If past history is any indication, the candidates running for Maine's open Senate seat, which opened after Republican Olympia Snowe chose not to run for a fourth term, will be part of an oddball campaign that will only grow stranger as the calendar creeps closer to Election Day.
First, the Democratic nominee selected by voters on Tuesday, Cynthia Dill, is an outspoken progressive who has rankled fellow Democrats since she was first elected to the State House in 2006. She blogs, she Tweets, she's on Facebook – and for the most part, she's seemingly uncensored. In a 2009 blog post, Dill referenced Rush Limbaugh's weight loss efforts and his new look.
"The visual might be a mix of a Sharpei and a pig. A Sharpiggie," she wrote. Dill has taken to her blog several times to take jabs at large men in power, sometimes as a rebuttal to what she sees as the unfair objectification of women in politics.
The state's top Democrats, including both U.S. Representatives and a former governor, declined to vie for the seat following King's announcement to run.
While the Maine Democratic Party is tepidly embracing Dill's candidacy, national party officials are keeping their distance, preferring instead to bank on former Maine Gov. Angus King, who is running as an Independent.
"Although [Senate Minority Leader Mitch] McConnell has already seemed to wipe his hands with Maine, we continue to work with people in Maine to assess the race," says Matt Cantor, spokesman for the Democratic Senatorial Campaign Committee.
That's left the chatty Dill to make friends with the National Republican Senatorial Committee, who are more than happy to exploit the fact that while Democrats are touting female candidates in other states, they are leaving Dill out in the cold.
Dill has expressed her disappointment with the DSCC directly to the NRSC, which has subsequently E-mail blasted her comments to reporters.In addition, the feisty Dill has attacked King for declining to say who he will caucus with in the Senate if elected.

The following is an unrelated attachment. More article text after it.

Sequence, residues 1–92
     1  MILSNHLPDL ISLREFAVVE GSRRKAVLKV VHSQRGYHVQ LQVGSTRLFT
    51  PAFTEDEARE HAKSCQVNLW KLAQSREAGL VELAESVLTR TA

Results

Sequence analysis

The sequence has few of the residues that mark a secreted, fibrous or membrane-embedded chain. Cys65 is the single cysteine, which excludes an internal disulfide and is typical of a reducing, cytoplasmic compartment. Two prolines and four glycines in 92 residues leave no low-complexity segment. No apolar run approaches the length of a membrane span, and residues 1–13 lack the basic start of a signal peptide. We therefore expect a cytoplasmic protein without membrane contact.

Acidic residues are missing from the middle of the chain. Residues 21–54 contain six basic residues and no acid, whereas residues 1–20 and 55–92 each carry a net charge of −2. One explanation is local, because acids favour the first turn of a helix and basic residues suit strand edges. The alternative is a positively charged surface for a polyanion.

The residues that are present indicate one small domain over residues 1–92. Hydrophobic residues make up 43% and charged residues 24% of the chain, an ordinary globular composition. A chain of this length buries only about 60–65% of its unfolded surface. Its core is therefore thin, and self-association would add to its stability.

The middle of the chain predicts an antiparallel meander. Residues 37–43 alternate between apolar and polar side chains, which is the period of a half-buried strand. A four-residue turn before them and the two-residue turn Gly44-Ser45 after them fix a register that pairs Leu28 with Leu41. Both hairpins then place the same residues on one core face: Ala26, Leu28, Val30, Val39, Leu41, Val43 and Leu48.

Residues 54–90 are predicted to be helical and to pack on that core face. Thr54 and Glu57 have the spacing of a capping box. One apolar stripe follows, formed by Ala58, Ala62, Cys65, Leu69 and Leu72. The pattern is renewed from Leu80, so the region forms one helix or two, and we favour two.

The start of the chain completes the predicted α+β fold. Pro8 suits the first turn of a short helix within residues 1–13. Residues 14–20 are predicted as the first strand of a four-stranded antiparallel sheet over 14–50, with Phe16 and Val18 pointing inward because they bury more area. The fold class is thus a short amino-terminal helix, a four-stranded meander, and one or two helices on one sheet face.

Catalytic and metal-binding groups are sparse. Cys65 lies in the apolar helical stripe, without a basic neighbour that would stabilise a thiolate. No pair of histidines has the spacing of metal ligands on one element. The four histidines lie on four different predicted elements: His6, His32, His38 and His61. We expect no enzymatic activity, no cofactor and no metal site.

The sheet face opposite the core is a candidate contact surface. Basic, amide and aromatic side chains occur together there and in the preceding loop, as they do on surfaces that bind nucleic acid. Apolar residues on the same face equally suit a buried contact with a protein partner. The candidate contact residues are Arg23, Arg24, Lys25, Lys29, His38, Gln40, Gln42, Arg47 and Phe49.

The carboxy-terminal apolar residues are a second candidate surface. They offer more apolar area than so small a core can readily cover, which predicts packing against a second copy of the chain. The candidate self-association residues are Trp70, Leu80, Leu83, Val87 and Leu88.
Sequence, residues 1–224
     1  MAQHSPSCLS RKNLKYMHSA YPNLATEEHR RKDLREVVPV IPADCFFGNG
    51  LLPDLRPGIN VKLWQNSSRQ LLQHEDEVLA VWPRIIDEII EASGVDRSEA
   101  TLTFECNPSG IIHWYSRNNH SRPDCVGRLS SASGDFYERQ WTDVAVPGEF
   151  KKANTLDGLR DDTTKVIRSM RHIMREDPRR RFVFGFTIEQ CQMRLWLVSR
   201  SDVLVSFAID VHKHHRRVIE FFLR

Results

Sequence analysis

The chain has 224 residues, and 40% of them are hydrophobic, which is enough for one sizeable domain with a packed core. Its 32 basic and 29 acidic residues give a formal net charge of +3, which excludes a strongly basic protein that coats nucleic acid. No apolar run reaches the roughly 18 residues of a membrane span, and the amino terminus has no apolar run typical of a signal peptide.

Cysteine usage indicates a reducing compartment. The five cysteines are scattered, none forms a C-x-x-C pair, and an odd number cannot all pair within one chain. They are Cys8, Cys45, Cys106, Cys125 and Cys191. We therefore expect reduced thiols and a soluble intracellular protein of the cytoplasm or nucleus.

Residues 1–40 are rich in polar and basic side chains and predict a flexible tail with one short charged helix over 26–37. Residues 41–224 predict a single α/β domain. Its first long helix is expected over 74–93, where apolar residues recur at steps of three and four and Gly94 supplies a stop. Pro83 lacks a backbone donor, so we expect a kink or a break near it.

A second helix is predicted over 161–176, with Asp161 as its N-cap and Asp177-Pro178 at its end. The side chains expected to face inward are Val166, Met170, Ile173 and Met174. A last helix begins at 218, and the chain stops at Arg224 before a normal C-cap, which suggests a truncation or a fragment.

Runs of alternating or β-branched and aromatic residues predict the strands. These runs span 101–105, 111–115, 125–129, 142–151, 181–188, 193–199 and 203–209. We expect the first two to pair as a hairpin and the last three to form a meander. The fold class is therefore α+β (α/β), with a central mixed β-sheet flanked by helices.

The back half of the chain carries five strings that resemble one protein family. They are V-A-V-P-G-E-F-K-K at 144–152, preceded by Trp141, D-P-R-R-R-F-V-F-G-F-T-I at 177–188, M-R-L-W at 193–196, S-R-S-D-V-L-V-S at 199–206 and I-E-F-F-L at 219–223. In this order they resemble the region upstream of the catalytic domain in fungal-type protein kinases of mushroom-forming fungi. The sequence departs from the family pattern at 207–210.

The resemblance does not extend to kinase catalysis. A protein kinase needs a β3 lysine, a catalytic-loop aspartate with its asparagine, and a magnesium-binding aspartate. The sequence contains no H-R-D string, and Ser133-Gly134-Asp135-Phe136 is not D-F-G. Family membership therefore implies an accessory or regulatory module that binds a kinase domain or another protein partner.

Maine Democratic Party Chair Ben Grant called the race "complicated."
"I'm just preaching patience and our nominee Cynthia will be a strong voice for us," he says.
Dill was unavailable for comment for this story.
Meanwhile, Republicans selected Maine Secretary of State Charlie Summers as their nominee. Summers is an Iraq and Afghanistan war veteran with State House experience, who also served in the U.S. Small Business Administration and, for a time, as Snowe's state director.
But he also led a high-profile and widely panned voter fraud investigation in the midst of a statewide campaign to restore same-day voter registration, which Republicans had eliminated. Voters overturned the new law and Democrats say Summers used his office in an overtly political way.
But at this stage in his campaign, he's preaching pragmatism—to a point.
"Ideology has got to be set aside because the economic reality of the situation—it doesn't matter if you are conservative, liberal or moderate—we just don't have any money and we've got to set our differences aside and fix this," he says.
He has also signed Grover Norquist's no-tax pledge, which has stymied congressional efforts to find a compromise deficit reduction plan.
When Summers was asked whether or not he could accept a deal that included a 10-to-1 ratio of spending cuts to tax increases, he declined to answer.
"That's all hypothetical and I've been in this long enough to know not to deal with hypotheticals," Summers says. "The issue is not are we taxing enough, it's the way in which it's spent."
Summers has also has wasted no time taking aim at King, a two-term governor first elected in 1994 and presided over an economic boom time. Summers said even a "ferret" could have done a good job during those years.
Both Snowe and Sen. Susan Collins, also a Republican, have endorsed and pledged their support for Summers.
"She certainly plans on campaigning with Republicans on the ticket as she has in the past in previous election cycles," said John Richter, Snowe's chief of staff.
Collins said Summers would have the ability to carry on Maine's bipartisan tradition in the Senate.
"He has my full support as he works toward victory in November," she said.
There's little doubt that King is in the catbird seat, with the highest name recognition and, so far, a giant fundraising edge.
King claims to be politically independent, having voted for President Bush in 2000, Democrat John Kerry in 2004 and Barack Obama in 2008, with plans to vote for him again this year.
King also says he will not be tied down to one party in Washington even if he is forced to caucus with one in order to land committee assignments.
"My role will depend to some extent on what the partisan breakdown in the Senate becomes," King says. "I could go from being reasonably effective to extremely effective, depending upon how the numbers come out."
However, it's widely accepted that King's politics naturally align more with Democrats than Republicans, as he supports the president, gay marriage and is pro-choice.
Given the expected amount of close Senate races this year, it's unclear how much national party or outside money will be spent in Maine, which has extremely cheap advertising rates.
Rebekah Metzler is a political writer for U.S. News & World Report. You can contact her at email@example.com or follow her on Twitter.